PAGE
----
5. A rug cleaning device according to claim 4, wherein said brush is driven by a belt wrapped around a central portion of said cylinder, wherein said means for leveling and spreading suds comprises a vertical wall separating the brush roll from the suds confining and distributing chamber, and including baffle means projecting from a central portion of said vertical wall to direct suds away from the central portion of said cylinder.
6. A rug cleaning device according to claim 4, wherein a major portion of the cylindrical envelope defined by the bristle tufts between the rug contacting area of the brush and the doctor blade is confined by a shield to prevent excessive centrifugal spraying of suds from the brush in that area.
This invention relates to rug cleaning attachments for vacuum cleaners. More particularly, this invention relates to a rug cleaning attachment which has a suds confining chamber and a scrubbing brush mounted thereon for rotation about a horizontal axis within the chamber. In one specific aspect, the invention relates to a rug cleaning attachment for use with a vacuum cleaner of the type having a fan casing with a vacuum housing for attaching a vacuum nozzle and a fan shaft that projects through an opening and having a belt receiving portion outside of the fan casing which may normally receive the driving belt of the rotary brush in the vacuum nozzle.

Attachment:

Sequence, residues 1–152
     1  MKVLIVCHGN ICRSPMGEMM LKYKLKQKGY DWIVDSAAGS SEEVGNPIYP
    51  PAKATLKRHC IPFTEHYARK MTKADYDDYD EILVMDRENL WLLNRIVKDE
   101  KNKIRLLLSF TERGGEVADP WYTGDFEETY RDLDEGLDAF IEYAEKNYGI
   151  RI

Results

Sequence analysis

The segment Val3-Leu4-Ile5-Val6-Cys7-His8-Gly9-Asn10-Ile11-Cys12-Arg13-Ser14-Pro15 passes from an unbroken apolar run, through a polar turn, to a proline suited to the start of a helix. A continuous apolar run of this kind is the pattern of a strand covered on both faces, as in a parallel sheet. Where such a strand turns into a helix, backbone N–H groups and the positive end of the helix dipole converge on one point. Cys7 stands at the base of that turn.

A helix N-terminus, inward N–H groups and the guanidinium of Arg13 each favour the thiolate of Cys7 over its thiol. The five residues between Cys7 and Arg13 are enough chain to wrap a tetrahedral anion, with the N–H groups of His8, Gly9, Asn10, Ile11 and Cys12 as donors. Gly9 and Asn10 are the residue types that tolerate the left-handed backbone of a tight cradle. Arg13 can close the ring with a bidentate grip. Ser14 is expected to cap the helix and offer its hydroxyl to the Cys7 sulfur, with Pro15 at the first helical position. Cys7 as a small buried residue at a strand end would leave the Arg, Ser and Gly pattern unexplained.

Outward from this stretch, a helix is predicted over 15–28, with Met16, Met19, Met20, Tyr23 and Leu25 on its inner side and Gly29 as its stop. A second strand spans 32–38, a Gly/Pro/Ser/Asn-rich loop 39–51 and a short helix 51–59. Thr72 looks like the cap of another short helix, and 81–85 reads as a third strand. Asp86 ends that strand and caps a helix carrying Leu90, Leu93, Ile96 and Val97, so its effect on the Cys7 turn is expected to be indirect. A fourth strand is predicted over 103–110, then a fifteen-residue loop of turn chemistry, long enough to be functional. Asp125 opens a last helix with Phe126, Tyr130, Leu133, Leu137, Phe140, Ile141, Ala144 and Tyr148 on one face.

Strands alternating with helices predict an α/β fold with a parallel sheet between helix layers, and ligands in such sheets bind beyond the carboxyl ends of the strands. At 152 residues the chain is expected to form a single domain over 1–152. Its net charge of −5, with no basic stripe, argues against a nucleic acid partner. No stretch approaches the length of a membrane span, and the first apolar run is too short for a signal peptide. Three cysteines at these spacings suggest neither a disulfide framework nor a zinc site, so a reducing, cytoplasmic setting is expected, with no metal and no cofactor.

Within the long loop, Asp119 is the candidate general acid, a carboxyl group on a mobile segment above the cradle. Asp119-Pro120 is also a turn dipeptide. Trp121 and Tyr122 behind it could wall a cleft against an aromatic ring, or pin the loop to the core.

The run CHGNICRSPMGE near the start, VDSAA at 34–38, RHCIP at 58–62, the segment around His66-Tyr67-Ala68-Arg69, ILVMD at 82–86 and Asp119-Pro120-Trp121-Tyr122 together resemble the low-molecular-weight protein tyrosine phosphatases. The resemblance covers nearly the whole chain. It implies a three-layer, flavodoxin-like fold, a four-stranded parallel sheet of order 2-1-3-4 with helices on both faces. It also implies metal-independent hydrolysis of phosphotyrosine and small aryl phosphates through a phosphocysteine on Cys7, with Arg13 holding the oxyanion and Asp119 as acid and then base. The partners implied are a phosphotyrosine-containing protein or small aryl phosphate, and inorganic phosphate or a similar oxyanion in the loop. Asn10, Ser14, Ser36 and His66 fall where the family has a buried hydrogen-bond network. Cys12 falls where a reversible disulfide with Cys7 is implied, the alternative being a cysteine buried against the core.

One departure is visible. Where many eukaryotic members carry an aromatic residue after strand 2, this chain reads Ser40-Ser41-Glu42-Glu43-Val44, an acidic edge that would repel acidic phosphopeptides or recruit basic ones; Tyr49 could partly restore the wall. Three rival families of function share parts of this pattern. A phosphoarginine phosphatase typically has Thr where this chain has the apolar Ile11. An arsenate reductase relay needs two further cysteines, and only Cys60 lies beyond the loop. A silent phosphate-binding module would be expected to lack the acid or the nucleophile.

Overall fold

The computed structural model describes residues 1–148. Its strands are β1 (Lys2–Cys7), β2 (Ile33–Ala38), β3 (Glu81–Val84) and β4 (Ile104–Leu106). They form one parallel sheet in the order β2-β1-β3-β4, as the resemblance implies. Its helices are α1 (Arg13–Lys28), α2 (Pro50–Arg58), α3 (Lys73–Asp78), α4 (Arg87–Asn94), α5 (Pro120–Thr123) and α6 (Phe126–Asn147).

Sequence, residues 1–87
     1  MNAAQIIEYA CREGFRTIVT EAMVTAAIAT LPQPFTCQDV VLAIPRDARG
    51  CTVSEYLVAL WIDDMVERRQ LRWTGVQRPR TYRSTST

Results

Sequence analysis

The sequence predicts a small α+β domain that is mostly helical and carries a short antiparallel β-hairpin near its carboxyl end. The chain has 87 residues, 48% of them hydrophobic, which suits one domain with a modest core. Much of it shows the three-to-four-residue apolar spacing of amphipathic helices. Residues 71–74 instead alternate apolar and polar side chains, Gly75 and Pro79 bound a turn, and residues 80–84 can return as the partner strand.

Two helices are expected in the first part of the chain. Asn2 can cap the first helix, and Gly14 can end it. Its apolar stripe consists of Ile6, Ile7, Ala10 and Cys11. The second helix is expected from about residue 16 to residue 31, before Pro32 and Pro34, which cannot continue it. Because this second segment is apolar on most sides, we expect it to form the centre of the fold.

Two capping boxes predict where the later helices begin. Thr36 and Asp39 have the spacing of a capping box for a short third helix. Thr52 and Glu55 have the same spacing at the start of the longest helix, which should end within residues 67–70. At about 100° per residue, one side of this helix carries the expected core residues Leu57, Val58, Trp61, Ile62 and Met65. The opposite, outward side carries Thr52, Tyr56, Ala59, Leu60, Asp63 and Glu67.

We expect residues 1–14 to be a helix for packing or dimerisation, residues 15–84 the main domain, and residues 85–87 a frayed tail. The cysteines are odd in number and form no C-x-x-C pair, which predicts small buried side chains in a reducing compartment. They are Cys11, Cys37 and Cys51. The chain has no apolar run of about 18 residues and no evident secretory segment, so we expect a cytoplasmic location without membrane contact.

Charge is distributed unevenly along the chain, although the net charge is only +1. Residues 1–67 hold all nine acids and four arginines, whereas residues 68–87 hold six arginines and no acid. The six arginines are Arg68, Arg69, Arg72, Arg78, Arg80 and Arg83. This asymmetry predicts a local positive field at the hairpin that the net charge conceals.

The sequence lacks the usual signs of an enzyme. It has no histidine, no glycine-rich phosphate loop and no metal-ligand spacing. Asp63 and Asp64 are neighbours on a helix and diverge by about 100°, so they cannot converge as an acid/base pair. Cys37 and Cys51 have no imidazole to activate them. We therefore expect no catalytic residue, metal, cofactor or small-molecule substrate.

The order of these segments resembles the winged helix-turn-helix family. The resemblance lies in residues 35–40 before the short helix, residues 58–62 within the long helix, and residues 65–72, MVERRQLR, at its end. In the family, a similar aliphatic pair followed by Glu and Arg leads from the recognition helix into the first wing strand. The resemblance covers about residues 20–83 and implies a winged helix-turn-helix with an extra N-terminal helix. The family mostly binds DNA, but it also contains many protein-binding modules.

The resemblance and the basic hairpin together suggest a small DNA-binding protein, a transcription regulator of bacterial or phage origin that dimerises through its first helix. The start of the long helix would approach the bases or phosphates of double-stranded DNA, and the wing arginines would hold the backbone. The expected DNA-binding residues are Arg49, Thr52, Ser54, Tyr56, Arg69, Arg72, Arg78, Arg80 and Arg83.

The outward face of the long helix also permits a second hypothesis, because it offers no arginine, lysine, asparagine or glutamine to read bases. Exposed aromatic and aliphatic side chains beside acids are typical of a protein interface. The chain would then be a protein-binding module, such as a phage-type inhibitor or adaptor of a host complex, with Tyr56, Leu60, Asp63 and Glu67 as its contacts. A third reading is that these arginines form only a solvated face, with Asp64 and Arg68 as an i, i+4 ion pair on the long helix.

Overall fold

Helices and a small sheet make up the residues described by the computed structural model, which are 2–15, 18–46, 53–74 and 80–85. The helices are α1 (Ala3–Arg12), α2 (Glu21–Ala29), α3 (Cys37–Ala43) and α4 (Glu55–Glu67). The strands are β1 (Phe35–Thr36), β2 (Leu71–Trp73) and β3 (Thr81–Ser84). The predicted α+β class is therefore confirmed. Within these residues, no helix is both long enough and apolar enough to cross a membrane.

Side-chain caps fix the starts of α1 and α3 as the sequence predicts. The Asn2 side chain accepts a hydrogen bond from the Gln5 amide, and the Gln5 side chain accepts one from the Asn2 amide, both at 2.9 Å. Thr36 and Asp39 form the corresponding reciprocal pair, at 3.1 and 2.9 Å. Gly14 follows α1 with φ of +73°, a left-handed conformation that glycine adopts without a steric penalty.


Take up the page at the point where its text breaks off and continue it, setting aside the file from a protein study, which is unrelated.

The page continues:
It has long been recognized that effective suction or vacuum cleaning of a rug may be accomplished by a vacuum nozzle having a brush mounted on a horizontal axis so that the brush picks the dirt out of the carpet pile and this dirt is removed by the suction of the cleaner. Cleaning devices which are intended to shampoo or wet clean a rug, however, are customarily provided with one or more brushes that are mounted for rotation about vertical axes. A suitable rug cleaning solution is foamed into the rug in the vicinity of the brushes and is worked into the rug by the brushes. The bristles of those brushes scrub the rug in an orbital manner and, consequently, the dirt is driven downwardly into the pile of the rug and the orbital brush movement causes the carpet pile to form tangled nubs. Thus, the rug appears to be clean, since the dirt has been removed from the upper ends of the filaments of the rug, but, in fact, the dirt has been driven downwardly into the pile. It is very difficult to remove this dirt by later vacuuming because the rug detergent tends to harden and hold the dirt in the pile as a cake. Rug cleaning brushes which are mounted for rotation about vertical axes, moreover, tend to twist the filaments of the rug and also tend to concentrate the nap into small tufts or balls.